Have you ever wanted to know what steps a production [...]
As creative people and owners of creative content, how do we value what we do? You know what I mean – how do we put a price on it? If you own a restaurant, the menu clearly shows the cost of each item. If you’re a doctor, your fees are probably set by insurance companies. If you own a gas station, the price is based on the oil market and various taxes.
Seven Reasons to use a PMA Library
A new kind of music library is bypassing the global performing rights societies and threatening the value of performing rights for all publishers, composers and songwriters. Here’s how:
A potential client asks you: ‘How much to use your music?’ Most of us take into account factors such as audience size, the kinds of media in which the music will be used, whether there is the possibility of performance royalties, etc. and arrive at a value that we believe to be fair to both the user and the library. However, for some libraries and composers, the answer to this question is either essentially – or in fact – “nothing”.
Many composers and songwriters are lately being offered what seems like a deal too good to pass up: get film/TV placements of their music and a share of sync fees from non-exclusive distributors while retaining 100% of their copyrights. While this may appear to be an irresistible bargain on the surface, it is essential that writers fully understand the ramifications of this business model in order to make an informed decision.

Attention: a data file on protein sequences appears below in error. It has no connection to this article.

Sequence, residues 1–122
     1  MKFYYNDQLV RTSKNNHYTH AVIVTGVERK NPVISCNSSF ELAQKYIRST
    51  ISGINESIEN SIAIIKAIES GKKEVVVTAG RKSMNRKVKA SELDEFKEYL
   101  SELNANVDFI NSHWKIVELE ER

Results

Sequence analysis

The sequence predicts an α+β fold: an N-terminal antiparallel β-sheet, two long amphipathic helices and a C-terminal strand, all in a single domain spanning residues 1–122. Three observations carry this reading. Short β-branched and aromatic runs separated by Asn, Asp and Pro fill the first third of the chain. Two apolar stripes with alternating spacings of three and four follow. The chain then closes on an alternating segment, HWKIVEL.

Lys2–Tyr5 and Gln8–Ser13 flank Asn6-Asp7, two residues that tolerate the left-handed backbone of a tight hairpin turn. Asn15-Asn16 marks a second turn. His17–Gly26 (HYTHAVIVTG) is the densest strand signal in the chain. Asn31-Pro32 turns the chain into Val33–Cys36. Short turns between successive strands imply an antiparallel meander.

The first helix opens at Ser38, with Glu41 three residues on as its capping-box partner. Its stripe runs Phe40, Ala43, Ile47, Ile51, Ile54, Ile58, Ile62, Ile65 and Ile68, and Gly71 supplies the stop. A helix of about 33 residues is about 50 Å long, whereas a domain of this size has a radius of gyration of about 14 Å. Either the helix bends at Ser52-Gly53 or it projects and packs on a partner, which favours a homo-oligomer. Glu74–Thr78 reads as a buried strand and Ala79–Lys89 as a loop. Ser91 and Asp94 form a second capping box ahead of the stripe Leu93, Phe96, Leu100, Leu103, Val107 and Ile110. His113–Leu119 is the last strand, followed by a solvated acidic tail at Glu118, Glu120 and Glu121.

In negotiating with television networks over the use of your music, you should be very aware that the networks are pushing for and are regularly utilizing the broadest possible grant language in their contracts with music providers. While these clauses may appear like harmless boilerplate at first glance, they are a trap that could lead you to granting away far more rights than you ever anticipated and with no additional payment for doing so.
In the production music business, we tend to take sync fees for granted; we assume that if a client wants to use our music, they need to pay a synchronization fee and obtain a proper license. Yet from time to time there are situations that arise where clients claim that they can use our music without a license due to something called “Ephemeral Use”. Can shows like “Good Morning America”, “Today” and “SNL” really use our music for free? This article will endeavor to shed some light on this oft misunderstood topic.